My Life in China

AYC Photo Essay Entree for Alli Miller

Stepping off the plane, I suddenly became aware that I arrived in a place where I had no personal connections, no knowledge of the language, and only a small amount of background political and cultural knowledge, my nerves over shadowed my initial excitement. “What am I getting myself into?” I thought as I headed towards the customs gate. After successfully entering the country and getting my luggage, I saw a young woman carrying a sign with my name on it. “Ni hao!” I exclaimed, proud of finally being able to utter the only Chinese I knew. The woman smiled politely and wordlessly assisted me with my bags, and got into a car to head to Changzhou. As we neared Changzhou, I looked out the windows to take in my surroundings. I cannot remember what I had expected to see, but it was certainly not a road covered in shambles of demolished buildings, feral dogs running around, and broken telephone wires. This looked nothing like the quaint surroundings from my school’s website. I was utterly dismayed. The car dropped me off in front of the class building and from there; I walked through the campus grounds to the teachers’ apartments. Walking through the gardens between the main campus and my apartment, my sense of dread from the sights of the decimated street completely evaporated. “I’m actually here!!!” Inside a new woman greeted me with a key, brought me to my to my room, and showed me the kitchen filled with food- all of this was also wordless. However this lack of communication did not bother me, at least not yet.

The whole first week of teaching was a blur. I know that during my first week a co-worker helped me buy groceries, set up a bank account, and get a cell phone number. Students bombarded me all the time; I was stared at in the streets, and I watched children freely defecate wherever they wanted. The sights and sounds of the local market were amazing and new, I enjoyed the thrill that I felt from traveling and managing to get around the city on my own. Despite the very intense and obvious cultural differences I was embracing everything around me. Before coming to China, I had made plans with another AYC participant to meet during the mid autumn festival. So after being in Changzhou for less than a week, I headed to Wuxi. Chelsea and I made plans to travel to Hangzhou during National Holiday, which started only ten days later.

October was a whirlwind month. During National week, Chelsea and I got to see the beautiful West Lake and its lovely gardens at one of the most opportune times of the year. We saw the National Tea Museum, drank the famous Longjing tea, as well as toured a tea cooperative that specialized in growing red plum tea-leaves, explored narrow caves in the surrounding area, and we even went to Li’nan to meet another AYC’er. Less than a week later I was off to Shanghai for orientation. At training I got to meet even more people and continued to revel in the splendor of traveling. In Shanghai, I got to briefly re-acquaint myself with Western comforts and I was truly enjoying myself, yet I still felt like I was on vacation, the realization that I lived here and that I needed to become immersed in the culture and navigate through language barriers were obstacles I was still mostly oblivious to. The following week, I went to visit friends in Nanjing to celebrate my birthday. During the days between travels, I became increasingly unsettled- I was starting to feel lonely. Each weekend I made sure to travel to a new city. I visited Suzhou with friends and then a small town outside of Changzhou called Liyang, and then Yixing. However, when my travels began to slow down and regularity set in the feeling of being on vacation disappeared.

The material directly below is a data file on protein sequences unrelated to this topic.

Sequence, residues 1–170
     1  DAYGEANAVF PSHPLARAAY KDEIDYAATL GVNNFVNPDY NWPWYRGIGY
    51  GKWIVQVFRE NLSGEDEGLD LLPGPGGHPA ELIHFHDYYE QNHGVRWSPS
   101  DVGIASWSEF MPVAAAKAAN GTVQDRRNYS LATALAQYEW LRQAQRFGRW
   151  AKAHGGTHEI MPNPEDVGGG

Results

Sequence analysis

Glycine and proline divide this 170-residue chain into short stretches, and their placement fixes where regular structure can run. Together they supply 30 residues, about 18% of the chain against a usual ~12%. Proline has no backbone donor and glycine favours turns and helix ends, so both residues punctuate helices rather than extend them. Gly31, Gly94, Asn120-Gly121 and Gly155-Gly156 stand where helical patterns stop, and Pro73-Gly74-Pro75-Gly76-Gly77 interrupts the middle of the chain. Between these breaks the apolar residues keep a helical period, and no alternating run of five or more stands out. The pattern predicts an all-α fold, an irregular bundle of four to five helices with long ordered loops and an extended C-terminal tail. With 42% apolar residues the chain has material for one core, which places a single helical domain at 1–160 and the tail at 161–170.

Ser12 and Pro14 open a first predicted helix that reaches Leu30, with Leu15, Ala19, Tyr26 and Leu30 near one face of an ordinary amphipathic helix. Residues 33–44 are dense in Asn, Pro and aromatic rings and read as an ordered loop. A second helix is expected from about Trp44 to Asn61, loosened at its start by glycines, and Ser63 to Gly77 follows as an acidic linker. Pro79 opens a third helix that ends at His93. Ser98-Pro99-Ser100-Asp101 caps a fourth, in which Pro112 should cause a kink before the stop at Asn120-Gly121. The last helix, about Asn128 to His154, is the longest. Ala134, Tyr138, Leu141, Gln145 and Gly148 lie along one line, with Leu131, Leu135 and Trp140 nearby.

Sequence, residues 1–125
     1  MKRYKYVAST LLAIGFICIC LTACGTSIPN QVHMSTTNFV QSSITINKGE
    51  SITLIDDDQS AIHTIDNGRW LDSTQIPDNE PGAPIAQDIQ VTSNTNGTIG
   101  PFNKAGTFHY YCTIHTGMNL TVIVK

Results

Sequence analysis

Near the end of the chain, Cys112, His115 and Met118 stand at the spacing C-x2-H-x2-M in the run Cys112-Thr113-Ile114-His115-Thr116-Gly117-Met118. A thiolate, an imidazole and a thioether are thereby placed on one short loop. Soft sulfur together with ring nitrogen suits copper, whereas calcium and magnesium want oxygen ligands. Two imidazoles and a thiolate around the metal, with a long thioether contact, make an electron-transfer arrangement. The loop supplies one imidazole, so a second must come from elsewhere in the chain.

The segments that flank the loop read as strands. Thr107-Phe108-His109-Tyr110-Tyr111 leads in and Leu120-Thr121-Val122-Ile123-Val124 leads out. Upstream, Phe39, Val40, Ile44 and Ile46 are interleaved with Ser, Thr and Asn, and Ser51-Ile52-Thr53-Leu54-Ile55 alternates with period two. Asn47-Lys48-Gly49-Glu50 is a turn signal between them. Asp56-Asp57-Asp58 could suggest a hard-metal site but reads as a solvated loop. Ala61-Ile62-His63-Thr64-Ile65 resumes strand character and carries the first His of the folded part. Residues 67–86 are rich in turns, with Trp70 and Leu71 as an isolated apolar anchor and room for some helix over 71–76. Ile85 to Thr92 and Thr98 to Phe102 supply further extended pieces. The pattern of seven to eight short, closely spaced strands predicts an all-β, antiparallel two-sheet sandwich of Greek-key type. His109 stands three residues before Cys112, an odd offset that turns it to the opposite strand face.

I started to recognize that the communication between my school and me was non-existent and that no matter what I did, I could not make plans the way I wanted to. My work schedule was inconsistent; none of my co-workers were interested in talking to me or helping me learn Chinese. I started to feel frustrated that in the world’s most populated country I felt so isolated. My newfound loneliness only made the rising pollution levels more difficult to handle. Despite numerous attempts to meet other expats, I realized that I was focusing my energies in the wrong places. Traveling is not only about seeing the world and experiencing new cultures; it is also a chance for people to discover themselves. Travel enables self-discovery by challenging the traveler to see how they adapt. With this new time to reflect, I think one of the most difficult things for me to learn and accept was that it was ok to be alone. I’ve overcome my discomfort with seeing movies alone, eating at restaurants, and being in the general public without the company of others. Thankfully I had the support of my friends and loved ones back home to comfort me when I felt lonely.

The biggest hurdle for me is the language barrier. I’ve learned the value of communication- how important it is not to just co-exist with other people but really communicate and get to know others. Learning to be able to articulate and acknowledge my feelings has been a learning process, but I know that I have my connections back home who are always willing to listen. I now get Mandarin lessons from a local friend and these friends help me feel more at home in China. During Spring Festival, I rejuvenated myself by visiting Cambodia, Thailand, and was able to see my boyfriend in Switzerland. Traveling combines many of my passions; history, learning about new cultures, having chances to try new activities and getting to try new drinks and new foods. I look forward to more travels this term and more self-discovery.

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